Why a Wrangell boarding school plan stirs bad memories — and opportunity

An undated photo of the Wrangell Institute school from a collection with covering 1898 to approximately 1946. (Photo courtesy < a href="http://vilda.alaska.edu/cdm/singleitem/collection/cdmg21/id/1848/rec/1">Alaska State Library Historical Collections)
An undated photo of the Wrangell Institute school from a collection spanning 1898 to approximately 1946. (Photo courtesy Alaska State Library Historical Collections)

For one family, a proposal to build a 400-bed boarding school on the site of the former Wrangell Institute boarding school, which had a history of abusing students, is stirring up bad memories.

As an Alaska Native child living in Fairbanks in the ‘50s, Jim LaBelle wasn’t the most likely candidate to be sent to the Wrangell Institute. LaBelle thinks it was his troubled family life that landed him there.

“My younger brother and I were taken to the Fairbanks Airport in 1955 by our mother with an apology saying we had to go to the school,” said LaBelle.

LaBelle, who now lives in Anchorage, said his father passed away when he was 6, leaving him under the care of his alcoholic mother.

“I think I was 8 years old then, and my brother was 6. When we got to the airport in Fairbanks, we were quickly tagged with a yellow name tag with a metal twisty tie on it that had our name, our destination, our flights,” said LaBelle.

The Wrangell Institute, which opened in 1932, was one of two Bureau of Indian Affairs schools in the state. Students came from Nome, Barrow, Tok and other communities all over the state.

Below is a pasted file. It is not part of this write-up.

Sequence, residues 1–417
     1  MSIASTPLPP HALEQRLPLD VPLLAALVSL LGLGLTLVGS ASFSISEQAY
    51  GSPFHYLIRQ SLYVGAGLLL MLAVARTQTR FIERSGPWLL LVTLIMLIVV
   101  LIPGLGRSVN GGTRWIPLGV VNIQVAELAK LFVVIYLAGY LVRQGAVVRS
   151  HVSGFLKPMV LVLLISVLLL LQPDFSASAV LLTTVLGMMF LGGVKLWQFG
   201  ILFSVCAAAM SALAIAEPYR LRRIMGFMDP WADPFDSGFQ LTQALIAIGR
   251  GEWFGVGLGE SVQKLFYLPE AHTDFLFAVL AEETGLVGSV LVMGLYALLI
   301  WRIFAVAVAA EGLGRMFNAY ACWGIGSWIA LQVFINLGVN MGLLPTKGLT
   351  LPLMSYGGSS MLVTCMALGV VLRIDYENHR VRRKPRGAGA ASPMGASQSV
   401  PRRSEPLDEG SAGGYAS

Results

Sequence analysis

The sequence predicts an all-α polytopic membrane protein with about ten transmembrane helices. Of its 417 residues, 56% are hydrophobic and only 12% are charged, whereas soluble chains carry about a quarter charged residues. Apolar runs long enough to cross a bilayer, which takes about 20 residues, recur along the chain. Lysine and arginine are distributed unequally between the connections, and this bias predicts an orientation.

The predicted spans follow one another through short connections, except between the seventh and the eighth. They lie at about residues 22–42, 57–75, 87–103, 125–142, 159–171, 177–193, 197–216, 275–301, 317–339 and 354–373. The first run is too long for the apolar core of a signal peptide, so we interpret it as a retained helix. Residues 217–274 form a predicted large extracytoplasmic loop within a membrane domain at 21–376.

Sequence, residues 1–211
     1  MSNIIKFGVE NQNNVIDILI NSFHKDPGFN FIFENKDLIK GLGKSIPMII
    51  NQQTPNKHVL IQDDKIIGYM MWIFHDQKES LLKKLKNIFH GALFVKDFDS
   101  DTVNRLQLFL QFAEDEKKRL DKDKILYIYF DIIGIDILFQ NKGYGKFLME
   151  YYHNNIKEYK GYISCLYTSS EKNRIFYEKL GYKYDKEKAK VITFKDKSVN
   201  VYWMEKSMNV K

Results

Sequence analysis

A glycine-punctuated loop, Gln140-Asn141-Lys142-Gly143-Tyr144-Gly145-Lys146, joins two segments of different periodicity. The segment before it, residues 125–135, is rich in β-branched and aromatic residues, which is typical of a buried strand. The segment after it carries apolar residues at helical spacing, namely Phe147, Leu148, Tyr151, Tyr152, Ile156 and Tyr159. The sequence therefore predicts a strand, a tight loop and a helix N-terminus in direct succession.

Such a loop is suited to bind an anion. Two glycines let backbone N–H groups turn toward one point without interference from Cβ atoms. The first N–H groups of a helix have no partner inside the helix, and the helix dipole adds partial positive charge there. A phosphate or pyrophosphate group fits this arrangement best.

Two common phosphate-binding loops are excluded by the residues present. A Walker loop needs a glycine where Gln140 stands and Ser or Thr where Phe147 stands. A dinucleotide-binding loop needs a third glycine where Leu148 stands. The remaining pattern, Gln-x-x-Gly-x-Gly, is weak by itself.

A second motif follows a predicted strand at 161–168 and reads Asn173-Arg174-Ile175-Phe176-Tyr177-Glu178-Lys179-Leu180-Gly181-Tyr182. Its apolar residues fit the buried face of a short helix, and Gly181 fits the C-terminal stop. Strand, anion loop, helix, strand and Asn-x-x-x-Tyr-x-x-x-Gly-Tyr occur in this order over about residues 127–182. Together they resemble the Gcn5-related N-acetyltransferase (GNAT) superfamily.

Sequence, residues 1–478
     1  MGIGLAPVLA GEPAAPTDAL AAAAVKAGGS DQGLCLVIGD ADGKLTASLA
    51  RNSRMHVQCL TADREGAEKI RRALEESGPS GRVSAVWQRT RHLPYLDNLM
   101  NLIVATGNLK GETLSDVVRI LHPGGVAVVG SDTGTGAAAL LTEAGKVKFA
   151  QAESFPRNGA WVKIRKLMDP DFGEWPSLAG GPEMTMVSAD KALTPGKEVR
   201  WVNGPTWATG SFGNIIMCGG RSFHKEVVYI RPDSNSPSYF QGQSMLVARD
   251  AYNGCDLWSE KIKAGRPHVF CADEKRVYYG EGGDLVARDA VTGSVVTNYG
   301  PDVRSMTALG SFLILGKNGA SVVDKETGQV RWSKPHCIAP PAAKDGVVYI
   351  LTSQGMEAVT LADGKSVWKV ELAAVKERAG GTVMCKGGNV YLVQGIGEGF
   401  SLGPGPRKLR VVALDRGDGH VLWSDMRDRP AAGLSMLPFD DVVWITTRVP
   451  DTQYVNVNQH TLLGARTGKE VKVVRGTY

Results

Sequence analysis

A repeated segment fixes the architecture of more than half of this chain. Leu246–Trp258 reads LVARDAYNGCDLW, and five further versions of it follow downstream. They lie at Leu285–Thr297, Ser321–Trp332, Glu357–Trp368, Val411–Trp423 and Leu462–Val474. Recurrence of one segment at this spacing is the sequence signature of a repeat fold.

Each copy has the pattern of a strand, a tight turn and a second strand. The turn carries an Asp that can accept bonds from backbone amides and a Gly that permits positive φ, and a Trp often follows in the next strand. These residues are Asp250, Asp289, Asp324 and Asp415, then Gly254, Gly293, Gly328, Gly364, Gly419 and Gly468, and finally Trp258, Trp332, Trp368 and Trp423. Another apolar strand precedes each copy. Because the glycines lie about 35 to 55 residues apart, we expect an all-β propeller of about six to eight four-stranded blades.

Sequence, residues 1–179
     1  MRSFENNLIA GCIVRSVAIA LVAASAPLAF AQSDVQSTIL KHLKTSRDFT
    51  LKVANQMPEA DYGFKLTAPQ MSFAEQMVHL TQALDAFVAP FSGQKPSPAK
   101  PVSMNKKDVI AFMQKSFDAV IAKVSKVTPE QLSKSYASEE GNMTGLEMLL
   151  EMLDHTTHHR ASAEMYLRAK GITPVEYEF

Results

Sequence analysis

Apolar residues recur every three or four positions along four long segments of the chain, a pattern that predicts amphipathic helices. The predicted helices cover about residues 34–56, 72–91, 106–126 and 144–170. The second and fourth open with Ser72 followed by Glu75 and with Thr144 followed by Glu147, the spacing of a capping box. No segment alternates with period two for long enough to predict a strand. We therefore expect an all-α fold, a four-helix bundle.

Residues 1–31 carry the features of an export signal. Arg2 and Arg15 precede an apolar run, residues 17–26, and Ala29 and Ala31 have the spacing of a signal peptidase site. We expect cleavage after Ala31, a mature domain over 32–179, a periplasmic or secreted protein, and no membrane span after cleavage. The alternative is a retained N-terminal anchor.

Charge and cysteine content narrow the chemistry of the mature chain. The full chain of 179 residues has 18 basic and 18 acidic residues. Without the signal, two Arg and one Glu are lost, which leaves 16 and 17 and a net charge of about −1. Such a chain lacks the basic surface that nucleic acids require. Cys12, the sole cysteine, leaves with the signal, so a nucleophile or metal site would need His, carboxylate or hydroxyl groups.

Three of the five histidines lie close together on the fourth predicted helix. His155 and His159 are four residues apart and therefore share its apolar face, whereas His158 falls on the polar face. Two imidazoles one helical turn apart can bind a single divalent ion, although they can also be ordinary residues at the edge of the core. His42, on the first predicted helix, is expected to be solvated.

LaBelle said once he and his classmates arrived at the school, their heads were shaved. They were told in English to get into large, open-room showers. Staff scrubbed the children who could not bathe themselves. LaBelle said many children were confused, as they only spoke their Native languages.

“But we had each been given a set of numbers that were applied on our clothing, our sheets. We were given government issued clothes,” he said. “It doesn’t help if you didn’t remember your number. That’s how we got our mail, got our clothing washed and returned back to us.”

The BIA’s primary objective was to educate children who didn’t have schools in their villages.

Dianne Hirshberg is director of the Center for Alaska Education Policy Research at the University of Alaska Anchorage. She said others, such as LaBelle, were targeted for different reasons.

“There were a lot of students that had gone there because they were orphans, or their parents weren’t able to take care of them because of things like the tuberculosis epidemic that hit Alaska in the ‘50s and ‘60s,” said Hirshberg.

The abuses Hirshberg heard throughout her studies of U.S. Native boarding schools were numerous.

“At one point I was told about the dorm staff getting the older children to beat the younger children for speaking their language. So now you’re starting to set up a culture of violence amongst the students, not just the teachers or dorm people abusing the students,” she said. “To students being taken into rooms with adults and coming out crying without saying what happened.”

LaBelle said getting caught speaking a Native language or any other offense could lead to the belt line, one of many abusive techniques used at the institute.

“Your fellow students and friends would line up on either side of you in this row, and you were forced to run or walk through this line of students who were told to use their belts on you,” said LaBelle. “I can say I had to go through that belt line a number of times as a kid, other kids did as well. I used to witness some of that. I remember having to use my belt on other kids as well.”